Great Britain women’s team pursuit squad win fourth consecutive world title

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Great Britain’s women’s team pursuit squad retained their world title in a thrilling final against Canada, taking Britain’s first gold medal of the 2014 UCI Track Cycling World Championships.

The British squad of Laura Trott, Katie Archibald, Elinor Barker and Joanna Rowsell qualified fastest by two seconds in blustery conditions in the afternoon session in Cali, setting up a gold medal final against the ever-improving Canada.

The final saw Canada go off hard in the opening two kilometres, opening up a one-second lead and putting Great Britain on the back foot. Half a kilometre later the Canadians lost a rider and the British quartet began to fight back.

Into the final few laps and the world champions were back in the lead but cracks were beginning to show as Elinor Barker lost a wheel and was forced to change on the straight, forcing Laura Trott to chase back on.

Great Britain stopped the clock on 4:23.407, over a second ahead of their rivals but Canada had given Trott, Archibald, Barker and Rowsell their toughest test yet.

"The change to 4k really suited the Canadians," said Elinor Barker after the race. "They've just shown they are really strong at this distance. They really pushed us.

"You can hear the way the cheers circulated where they are on the track. We could feel them breathing down our necks a little bit, but we managed to pull it back in the end.

Of her decision to change mid-straight Barker said: "I just could not hold those wheels. It was so fast.

"It was a split-second decision and I haven't spoken to my coach yet about whether it was the right thing to do or not.

"I just had to get out of the way and let the girls carry on with it. It was that close that we just would've lost it if I'd stayed on the front."

Laura Trott said: "A perfect ride is always nice, a stripey jersey is a stripey jersey so I guess that's all that matters.

"I'm not sure what happened to the Canadians, they ended up with three riders so they also didn't have a perfect ride so you get lucky sometimes I guess and that's what happened."

Joanna Rowsell added: "We were riding to our schedule in the first half of the race and our coach kept telling us we were down. We were panicking a bit, thinking it's never going to come back.

"It was just a race all the way to the line, everyone gave their all and I think we were all on our knees at the end there."

Katie Archibald found herself in the dream position of taking a world title in her first world championships and acknowledged the performance of the Canadian outfit.

"We’ve been pretty close for a while now, the second round of the world cup it was quite obvious they’d closed the gap quite a bit, so it’s more exciting."

Australia took bronze, catching the Poland squad with around a kilometre to go.

Earlier Becky James set a personal best of 34.021 in the 500 metre time-trial but it wasn’t enough to earn a place on the podium in a hotly-contested event. After her bronze medal in the team sprint the previous day, James was unable to add to her 2014 medal tally, finishing seventh.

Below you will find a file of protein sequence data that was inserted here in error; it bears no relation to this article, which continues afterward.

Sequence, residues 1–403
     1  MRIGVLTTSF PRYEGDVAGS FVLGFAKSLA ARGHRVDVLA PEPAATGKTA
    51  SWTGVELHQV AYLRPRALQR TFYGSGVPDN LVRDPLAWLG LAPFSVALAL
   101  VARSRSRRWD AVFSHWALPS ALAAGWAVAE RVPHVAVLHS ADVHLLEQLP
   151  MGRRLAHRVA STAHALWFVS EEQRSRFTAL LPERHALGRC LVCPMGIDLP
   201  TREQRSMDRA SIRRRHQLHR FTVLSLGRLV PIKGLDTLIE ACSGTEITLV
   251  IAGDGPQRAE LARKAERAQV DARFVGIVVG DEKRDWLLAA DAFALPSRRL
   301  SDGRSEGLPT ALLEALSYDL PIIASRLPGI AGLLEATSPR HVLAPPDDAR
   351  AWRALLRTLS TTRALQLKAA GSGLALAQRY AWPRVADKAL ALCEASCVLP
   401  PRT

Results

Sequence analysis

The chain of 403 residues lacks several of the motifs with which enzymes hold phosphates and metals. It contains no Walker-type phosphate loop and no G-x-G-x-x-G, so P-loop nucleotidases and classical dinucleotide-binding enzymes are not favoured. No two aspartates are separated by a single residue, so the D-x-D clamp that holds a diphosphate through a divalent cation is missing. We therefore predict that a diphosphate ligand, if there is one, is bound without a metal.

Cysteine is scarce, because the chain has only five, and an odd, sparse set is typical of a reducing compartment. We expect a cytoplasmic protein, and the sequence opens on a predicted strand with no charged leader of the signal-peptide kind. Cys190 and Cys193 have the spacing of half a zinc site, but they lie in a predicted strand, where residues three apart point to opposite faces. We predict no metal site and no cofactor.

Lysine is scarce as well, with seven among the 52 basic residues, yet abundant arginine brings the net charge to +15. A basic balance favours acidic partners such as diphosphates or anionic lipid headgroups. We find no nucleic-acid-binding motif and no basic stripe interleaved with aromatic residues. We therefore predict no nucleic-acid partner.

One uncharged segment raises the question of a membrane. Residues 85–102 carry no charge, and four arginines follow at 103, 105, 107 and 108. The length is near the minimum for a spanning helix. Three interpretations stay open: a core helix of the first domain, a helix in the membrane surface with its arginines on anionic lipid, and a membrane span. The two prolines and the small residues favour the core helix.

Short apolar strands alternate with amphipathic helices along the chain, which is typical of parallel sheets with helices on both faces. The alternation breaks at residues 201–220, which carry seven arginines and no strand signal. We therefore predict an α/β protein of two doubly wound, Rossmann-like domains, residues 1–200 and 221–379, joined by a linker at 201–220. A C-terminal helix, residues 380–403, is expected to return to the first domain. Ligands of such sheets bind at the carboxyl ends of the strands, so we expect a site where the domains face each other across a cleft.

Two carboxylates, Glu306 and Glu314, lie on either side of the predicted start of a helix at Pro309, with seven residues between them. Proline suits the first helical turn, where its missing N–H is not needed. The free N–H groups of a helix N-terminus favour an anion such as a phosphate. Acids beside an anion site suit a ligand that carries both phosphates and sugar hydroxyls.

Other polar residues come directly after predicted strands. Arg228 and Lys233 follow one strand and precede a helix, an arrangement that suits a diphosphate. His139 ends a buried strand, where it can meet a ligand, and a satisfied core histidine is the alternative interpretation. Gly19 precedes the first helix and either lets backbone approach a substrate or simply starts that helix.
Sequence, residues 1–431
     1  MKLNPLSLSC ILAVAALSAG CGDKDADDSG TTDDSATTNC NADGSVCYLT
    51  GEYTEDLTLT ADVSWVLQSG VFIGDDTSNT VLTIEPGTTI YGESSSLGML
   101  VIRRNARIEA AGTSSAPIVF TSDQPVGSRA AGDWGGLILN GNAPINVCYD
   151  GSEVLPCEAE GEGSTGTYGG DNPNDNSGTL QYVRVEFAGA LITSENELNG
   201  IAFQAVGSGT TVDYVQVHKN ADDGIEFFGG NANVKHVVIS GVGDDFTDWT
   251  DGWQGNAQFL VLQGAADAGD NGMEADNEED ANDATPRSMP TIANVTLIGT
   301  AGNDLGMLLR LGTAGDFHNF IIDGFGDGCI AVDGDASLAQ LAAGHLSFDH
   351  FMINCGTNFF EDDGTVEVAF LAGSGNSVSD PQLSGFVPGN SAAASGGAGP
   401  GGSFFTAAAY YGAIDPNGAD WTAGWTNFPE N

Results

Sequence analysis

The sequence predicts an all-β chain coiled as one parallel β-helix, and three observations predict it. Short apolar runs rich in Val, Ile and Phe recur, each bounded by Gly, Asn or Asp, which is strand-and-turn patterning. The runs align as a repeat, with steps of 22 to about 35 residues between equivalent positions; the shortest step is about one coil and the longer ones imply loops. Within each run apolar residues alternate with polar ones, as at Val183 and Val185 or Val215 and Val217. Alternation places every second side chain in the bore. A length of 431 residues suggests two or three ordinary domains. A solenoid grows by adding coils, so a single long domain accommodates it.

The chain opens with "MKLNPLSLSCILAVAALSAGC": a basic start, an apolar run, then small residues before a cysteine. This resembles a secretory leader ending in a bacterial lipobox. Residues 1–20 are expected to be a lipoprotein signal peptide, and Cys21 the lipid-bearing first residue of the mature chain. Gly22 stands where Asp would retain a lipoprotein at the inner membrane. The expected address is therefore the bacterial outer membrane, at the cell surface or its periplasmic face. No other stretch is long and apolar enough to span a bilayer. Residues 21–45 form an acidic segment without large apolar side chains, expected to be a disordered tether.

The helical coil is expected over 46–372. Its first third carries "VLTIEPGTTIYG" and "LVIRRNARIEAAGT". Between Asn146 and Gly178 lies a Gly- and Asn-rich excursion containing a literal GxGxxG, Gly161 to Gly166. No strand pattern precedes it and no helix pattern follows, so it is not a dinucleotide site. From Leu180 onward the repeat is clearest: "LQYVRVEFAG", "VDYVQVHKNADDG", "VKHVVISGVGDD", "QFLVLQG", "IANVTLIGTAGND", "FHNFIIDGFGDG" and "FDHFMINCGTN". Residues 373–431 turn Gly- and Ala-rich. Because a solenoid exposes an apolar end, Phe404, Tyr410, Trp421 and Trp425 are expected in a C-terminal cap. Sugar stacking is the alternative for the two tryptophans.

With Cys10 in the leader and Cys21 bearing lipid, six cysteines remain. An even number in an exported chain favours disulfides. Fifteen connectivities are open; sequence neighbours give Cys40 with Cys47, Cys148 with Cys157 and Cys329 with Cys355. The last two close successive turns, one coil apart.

Victoria Williamson finished tenth with a 34.305 ride after leading the competition in the early stages, with gold going to Germany’s Miriam Welte in 33.451 ahead of a resurgent Anna Meares of Australia and Russia’s Anastasiia Voinova.

Jon Dibben finished 14th in an explosive scratch race which saw 2013 world champion Martyn Irvine of Ireland take silver behind Russia’s Ivan Kovolev. Cheung of Hong Kong took bronze.

Dibben was involved in a five-man break mid race, attempting to get on terms with Cheung and Kovolev who had taken a lap earlier but only Irvine could gain the lap necessary to contend for a medal position.

Reigning world champion Jason Kenny had to settle for fifth in the men’s keirin after colliding with Germany’s Max Levy in the last lap of the final. Kenny was attempting to chase down the leaders, headed by eventual winner Francois Pervis of France, but made contact with Levy. The German went down hard and Kenny’s managed to stay upright, but the Briton’s medal chances were gone.

After the event the 25-year-old from Bolton said: "(The crash) just left me floating around at the top of the track and totally out of the race."

Matt Crampton’s medal hopes faded in the second round. Drawn in the same heat as Kenny, Crampton led for much of the race before dropping back to fourth just behind his teammate, who had to fight his way through from the back of the pack to qualify for the final. Crampton went on to win the minor final, out-dragging Australia’s Shane Perkins and Christos Volikakis of Greece.

Like the final, the second round saw a spectacular crash, with Matthew Glaetzer’s bike ending up in the crowd after the Australian lost control in the final lap.

Great Britain’s Kian Emadi exited the keirin in the first round, unable to find a way back through the repechage.

It was an early exit too for Owain Doull in the men’s individual pursuit competition, the 20-year-old finishing 15th in a time of 4:28.193, with the world title going to Alexander Edmondson of Australia who beat Switzerland’s Stefan Keung in a thrilling final. Mark Ryan of New Zealand took bronze beating Ireland’s Ryan Mullen.

Friday sees the start of the women's sprint and the men's omnium plus the women's individual pursuit, men's kilo and points race.


Women's team pursuit
Women's 500 metre time-trial
Men's individual pursuit
Men's keirin
Men's scratch race

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